We’re now entering the golden age for merchant silicon, custom application-specific integrated circuits (ASICs) and platforms in the data center Ethernet switch and router markets. During the next five years, the market will undergo at least two rapid product transitions in order to meet the additional bandwidth demands of cloud providers. While the endpoint is fairly clear: single lane 100Gbit/s ports for server access and ubiquitous low-cost 400Gbit/s spines, cores, and data center interconnect platforms; the journey for many vendors to get there is complicated as ASICs move from 3.2Tbit/s to 12.8Tbit/s in less than five years.
Merchant silicon will play an important role in this journey and for the first time will be used widely beyond the top-of-rack switch. Merchant silicon is now on feature parity with custom ASICs all the way through the core/router layer of the network. At the same time, cloud customer demands will decrease the life cycle of products originally intended to last decades in telco service providers.
Fighting for the Core
It’s very clear that the next big battle in networking will occur in the data center core between traditional switch and routing vendors at both a system level and a silicon level. This will be a critical time for many vendors as the shift of workloads to the cloud fundamentally means that many existing markets will stop growing and begin to contract significantly.
If we look back historically, Google has been using merchant silicon for almost a decade in its networks. In that decade of time, others have joined Google and now for the leaf/spine or top-of-rack/aggregation layer of the network, merchant silicon is the dominant solution for customers in both the cloud and enterprise.
As we move into the core of the network, custom ASICs become far more common. But that trend is undergoing a major shift. Merchant silicon is now capable of addressing the core market, and vendor platforms with custom ASICs are being designed to be more cloud-like with better scale and agility.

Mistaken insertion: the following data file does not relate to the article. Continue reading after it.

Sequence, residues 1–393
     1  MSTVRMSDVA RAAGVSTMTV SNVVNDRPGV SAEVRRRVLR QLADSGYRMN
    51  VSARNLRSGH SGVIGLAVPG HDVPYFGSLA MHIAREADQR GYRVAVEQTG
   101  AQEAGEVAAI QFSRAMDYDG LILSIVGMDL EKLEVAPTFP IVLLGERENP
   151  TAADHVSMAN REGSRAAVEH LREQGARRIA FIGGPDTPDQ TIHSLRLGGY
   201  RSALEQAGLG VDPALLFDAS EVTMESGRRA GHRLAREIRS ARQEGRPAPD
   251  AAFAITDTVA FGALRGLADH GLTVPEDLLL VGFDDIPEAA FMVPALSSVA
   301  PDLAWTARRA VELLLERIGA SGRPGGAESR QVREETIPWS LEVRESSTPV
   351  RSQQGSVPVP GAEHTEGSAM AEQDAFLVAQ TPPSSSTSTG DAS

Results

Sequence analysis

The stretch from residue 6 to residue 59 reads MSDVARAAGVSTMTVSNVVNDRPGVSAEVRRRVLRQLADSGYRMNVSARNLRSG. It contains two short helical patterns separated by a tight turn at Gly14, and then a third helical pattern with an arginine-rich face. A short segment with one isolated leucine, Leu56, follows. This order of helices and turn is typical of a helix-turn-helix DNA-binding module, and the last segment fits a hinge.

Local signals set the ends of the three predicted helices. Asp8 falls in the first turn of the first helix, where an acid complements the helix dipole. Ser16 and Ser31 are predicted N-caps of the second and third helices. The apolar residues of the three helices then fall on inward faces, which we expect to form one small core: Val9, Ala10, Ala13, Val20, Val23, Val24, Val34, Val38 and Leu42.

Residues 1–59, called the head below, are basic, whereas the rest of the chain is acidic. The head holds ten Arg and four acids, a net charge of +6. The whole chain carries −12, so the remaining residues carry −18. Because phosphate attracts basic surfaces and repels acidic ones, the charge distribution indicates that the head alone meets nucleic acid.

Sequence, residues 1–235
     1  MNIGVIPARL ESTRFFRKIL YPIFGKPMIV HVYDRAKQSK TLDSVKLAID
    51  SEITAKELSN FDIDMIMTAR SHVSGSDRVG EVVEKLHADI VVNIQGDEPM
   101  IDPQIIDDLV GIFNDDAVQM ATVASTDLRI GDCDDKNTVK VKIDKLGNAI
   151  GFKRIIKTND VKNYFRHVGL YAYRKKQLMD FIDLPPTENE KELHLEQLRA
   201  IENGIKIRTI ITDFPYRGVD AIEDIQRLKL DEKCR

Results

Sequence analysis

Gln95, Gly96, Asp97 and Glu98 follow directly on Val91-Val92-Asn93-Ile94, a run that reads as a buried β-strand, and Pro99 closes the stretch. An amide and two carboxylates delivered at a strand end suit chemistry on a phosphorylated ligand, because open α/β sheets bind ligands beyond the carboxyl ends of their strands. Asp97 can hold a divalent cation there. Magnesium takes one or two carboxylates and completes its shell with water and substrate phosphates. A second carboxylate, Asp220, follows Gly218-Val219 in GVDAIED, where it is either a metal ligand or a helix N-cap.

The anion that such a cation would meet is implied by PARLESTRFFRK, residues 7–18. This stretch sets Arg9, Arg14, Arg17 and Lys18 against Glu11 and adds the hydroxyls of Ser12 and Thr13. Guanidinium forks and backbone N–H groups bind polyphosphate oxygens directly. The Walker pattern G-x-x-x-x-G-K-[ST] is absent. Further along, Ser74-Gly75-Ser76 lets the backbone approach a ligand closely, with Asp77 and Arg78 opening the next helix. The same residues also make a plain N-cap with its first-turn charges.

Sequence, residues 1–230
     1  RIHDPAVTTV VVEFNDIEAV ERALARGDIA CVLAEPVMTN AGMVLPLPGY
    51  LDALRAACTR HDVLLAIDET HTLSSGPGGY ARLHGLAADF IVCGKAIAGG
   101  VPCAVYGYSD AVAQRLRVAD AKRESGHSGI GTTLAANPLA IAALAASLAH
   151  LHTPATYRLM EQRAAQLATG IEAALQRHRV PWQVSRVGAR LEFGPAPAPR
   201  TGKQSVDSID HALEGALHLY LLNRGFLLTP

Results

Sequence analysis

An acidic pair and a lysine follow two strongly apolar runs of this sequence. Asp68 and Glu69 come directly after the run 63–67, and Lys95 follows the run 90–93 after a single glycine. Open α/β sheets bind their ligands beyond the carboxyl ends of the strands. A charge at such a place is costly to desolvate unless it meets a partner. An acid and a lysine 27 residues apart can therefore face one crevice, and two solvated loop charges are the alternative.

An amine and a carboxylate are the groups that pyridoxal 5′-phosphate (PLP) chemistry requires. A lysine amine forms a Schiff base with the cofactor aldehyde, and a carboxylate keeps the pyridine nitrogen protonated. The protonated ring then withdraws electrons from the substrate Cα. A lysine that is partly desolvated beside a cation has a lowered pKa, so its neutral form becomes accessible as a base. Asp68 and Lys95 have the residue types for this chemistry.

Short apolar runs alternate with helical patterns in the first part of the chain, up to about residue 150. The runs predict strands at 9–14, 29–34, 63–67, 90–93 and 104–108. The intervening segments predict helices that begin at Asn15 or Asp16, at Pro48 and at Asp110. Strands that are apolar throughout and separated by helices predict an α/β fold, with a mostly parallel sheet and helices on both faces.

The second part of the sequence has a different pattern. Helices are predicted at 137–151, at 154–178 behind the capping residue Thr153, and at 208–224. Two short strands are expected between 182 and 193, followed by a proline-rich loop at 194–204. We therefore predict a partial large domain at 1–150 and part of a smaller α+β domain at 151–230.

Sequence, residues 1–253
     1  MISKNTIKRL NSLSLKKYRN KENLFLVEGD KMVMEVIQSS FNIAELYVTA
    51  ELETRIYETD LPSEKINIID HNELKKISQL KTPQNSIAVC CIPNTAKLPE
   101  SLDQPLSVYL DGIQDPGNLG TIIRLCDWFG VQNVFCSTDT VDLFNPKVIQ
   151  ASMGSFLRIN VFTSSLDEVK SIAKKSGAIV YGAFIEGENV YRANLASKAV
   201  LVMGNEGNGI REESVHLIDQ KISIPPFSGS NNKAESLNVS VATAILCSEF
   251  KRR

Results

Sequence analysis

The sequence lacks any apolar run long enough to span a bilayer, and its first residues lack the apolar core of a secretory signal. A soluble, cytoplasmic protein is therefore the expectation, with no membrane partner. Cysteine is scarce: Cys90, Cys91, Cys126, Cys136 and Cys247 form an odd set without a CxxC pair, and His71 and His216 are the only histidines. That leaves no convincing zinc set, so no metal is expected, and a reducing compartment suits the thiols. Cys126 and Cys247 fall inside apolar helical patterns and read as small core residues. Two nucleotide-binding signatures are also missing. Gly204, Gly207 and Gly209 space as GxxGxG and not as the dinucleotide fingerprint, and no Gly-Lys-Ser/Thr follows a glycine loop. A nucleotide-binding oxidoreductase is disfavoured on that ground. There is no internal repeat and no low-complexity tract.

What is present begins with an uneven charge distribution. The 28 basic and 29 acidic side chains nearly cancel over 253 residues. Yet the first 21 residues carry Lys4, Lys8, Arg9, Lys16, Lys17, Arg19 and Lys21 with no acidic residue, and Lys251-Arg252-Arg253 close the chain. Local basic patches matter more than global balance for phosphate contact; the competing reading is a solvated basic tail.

Custom Silicon Vs. Merchant Silicon
Broadcom launched the first salvo in the battle for data center switching a decade ago and now, with its Jericho-based chip, is moving upmarket. With Jericho, merchant silicon took the first step towards competing with high-end core switch and router ASICs. We expect that during the next five years we will see a fierce battle of custom silicon (Cisco, Huawei, Juniper, and Nokia) and merchant silicon (Barefoot, Broadcom, Cavium, Innovium, Marvell, and Mellanox). What is not certain is whether traditional vendors will double down on silicon, like Nokia did with the FP4 silicon and router announcement earlier in June, or whether they will move towards a merchant silicon architecture. Either way, we expect cloud customers to treat these boxes as commodity solutions which will compress the lifecycle considerably over what they used to be when deployed in enterprise and traditional service provider networks.
The compressed lifecycle will cause merchant silicon and custom ASICs to refresh more quickly to keep pace with the competition and a demand for lower price points. The different silicon options will also allow for niche options as well. It is important to note that the large cloud providers have more than one data center topology and more than one network to connect them. Therefore, with all the different options, we might see not only traditional multi-vendor options being common in the large cloud and service provider accounts, but also unique vendor offerings in niche areas of a cloud provider.
Let Battle Commence …
In terms of time frame, 3.2Tbit/s shipments started in late 2015, but took until the end of 2016 to take off significantly. 6.4Tbit/s fabrics are shipping in 2017. We’ve had two 12.8Tbit/s announcements so far in 2017 and expect more by the end of the year. We’ll begin to see shipments of these products next year and the design wins will be very important to gauge success. Customers are not favoring incumbency as much as they have in the past, instead requiring silicon and system offering to plug directly into the controllers the customer has standardized on. This combination of silicon, vendor offerings, and rapid transitions will create an extremely vibrant market over the next several years.